60 kD Ro and nRNP A frequently initiate human lupus autoimmunity.
Systemic lupus erythematosus (SLE) is a clinically heterogeneous, humoral autoimmune disorder. The unifying feature among SLE patients is the production of large quantities of autoantibodies. Serum samples from 129 patients collected before the onset of SLE and while in the United States military were evaluated for early pre-clinical serologic events. The first available positive serum sample frequently already contained multiple autoantibody specificities (65%). However, in 34 SLE patients the earliest pre-clinical serum sample positive for any detectable common autoantibody bound only a single autoantigen, most commonly 60 kD Ro (29%), nRNP A (24%), anti-phospholipids (18%) or rheumatoid factor (15%). We identified several recurrent patterns of autoantibody onset using these pre-diagnostic samples. In the serum samples available, anti-nRNP A appeared before or simultaneously with anti-nRNP 70 K in 96% of the patients who had both autoantibodies at diagnosis. Anti-60 kD Ro antibodies appeared before or simultaneously with anti-La (98%) or anti-52 kD Ro (95%). The autoantibody response in SLE patients begins simply, often binding a single specific autoantigen years before disease onset, followed by epitope spreading to additional autoantigenic specificities that are accrued in recurring patterns.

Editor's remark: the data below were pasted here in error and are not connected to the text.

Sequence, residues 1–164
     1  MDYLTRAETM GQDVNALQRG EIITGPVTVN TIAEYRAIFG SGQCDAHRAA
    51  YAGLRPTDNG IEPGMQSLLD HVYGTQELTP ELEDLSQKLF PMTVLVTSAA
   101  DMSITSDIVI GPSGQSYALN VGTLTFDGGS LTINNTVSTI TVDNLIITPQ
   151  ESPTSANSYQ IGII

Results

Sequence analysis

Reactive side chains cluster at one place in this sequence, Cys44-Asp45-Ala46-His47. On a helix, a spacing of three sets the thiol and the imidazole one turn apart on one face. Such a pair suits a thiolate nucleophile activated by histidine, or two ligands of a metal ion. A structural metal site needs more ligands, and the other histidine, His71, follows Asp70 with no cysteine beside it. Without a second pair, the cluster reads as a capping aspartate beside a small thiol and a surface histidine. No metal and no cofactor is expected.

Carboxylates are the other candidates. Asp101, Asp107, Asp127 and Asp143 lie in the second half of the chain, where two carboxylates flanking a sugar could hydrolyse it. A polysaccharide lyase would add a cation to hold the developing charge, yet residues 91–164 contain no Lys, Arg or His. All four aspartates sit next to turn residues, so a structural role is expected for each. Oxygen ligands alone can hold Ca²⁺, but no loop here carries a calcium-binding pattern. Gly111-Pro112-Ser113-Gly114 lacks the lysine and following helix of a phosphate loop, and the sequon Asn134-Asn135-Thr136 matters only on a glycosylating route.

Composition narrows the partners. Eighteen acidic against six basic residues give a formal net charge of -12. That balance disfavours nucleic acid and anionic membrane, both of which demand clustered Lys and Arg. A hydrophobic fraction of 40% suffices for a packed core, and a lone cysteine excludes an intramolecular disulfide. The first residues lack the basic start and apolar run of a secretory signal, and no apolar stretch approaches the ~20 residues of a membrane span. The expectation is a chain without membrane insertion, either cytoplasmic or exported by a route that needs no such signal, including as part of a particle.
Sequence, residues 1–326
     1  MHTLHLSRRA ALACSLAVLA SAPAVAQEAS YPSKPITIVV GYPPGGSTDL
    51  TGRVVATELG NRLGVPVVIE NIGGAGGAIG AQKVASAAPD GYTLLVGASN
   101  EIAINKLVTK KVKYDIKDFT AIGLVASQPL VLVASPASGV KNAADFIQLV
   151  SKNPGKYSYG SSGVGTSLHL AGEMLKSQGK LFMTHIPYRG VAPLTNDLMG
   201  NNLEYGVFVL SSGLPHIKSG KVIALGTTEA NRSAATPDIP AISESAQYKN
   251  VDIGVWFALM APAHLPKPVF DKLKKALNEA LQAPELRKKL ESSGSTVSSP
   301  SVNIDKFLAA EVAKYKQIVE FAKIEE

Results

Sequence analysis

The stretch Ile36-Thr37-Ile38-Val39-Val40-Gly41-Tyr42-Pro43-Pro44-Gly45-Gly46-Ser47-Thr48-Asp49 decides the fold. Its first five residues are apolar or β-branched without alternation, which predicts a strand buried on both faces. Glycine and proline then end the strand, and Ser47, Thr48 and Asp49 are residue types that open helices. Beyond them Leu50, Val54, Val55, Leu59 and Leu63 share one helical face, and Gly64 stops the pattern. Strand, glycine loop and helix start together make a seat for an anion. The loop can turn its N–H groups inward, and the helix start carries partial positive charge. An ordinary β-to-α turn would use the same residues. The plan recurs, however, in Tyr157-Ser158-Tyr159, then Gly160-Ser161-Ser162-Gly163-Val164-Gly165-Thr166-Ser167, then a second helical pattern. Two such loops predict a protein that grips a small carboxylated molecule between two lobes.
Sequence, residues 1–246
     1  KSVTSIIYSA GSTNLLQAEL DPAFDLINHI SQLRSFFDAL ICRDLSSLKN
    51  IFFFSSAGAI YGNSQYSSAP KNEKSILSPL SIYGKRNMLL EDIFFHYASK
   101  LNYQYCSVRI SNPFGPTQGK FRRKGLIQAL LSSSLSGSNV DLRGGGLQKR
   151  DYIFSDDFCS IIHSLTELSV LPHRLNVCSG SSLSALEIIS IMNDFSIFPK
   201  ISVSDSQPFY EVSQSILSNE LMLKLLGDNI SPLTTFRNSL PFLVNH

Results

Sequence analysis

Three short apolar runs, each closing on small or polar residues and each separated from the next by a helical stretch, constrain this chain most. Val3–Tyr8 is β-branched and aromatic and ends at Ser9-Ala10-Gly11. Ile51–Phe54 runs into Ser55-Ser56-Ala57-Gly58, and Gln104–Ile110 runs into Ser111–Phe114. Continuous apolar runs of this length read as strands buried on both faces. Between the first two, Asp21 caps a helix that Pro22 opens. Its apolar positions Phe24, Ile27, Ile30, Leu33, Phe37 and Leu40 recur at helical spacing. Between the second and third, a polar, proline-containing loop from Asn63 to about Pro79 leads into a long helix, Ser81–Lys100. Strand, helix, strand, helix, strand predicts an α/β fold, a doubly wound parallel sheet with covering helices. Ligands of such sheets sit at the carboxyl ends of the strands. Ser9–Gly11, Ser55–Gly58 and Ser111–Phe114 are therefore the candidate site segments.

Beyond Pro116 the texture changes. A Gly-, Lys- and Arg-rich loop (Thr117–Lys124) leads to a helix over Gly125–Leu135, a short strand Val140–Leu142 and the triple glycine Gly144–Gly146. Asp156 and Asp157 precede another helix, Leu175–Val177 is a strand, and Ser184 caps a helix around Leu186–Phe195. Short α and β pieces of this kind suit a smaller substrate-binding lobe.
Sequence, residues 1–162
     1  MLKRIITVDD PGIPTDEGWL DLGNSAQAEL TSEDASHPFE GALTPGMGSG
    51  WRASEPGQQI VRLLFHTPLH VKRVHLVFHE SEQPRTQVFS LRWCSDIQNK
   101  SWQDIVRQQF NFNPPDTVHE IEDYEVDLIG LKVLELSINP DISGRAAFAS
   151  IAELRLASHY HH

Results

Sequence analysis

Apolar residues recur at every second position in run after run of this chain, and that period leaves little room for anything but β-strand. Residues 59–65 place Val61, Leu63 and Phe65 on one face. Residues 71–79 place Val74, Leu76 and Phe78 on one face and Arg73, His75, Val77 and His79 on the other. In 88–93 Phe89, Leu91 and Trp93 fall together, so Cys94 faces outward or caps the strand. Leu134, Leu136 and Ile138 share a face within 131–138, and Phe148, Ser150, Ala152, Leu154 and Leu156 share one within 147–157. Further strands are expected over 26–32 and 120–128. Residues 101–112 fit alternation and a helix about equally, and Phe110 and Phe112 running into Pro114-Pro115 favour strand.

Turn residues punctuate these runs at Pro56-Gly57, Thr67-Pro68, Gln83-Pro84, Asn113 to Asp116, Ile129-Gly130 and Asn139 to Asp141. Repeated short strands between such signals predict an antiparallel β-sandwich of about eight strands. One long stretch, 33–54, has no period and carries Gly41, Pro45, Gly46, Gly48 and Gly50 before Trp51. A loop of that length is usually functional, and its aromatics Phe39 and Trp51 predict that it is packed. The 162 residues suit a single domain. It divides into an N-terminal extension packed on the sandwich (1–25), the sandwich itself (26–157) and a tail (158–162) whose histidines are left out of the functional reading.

Heinlen, LD; McClain, MT; Ritterhouse, LL; Bruner, BF; Edgerton, CC; Keith, MP; James, JA; Harley, JB
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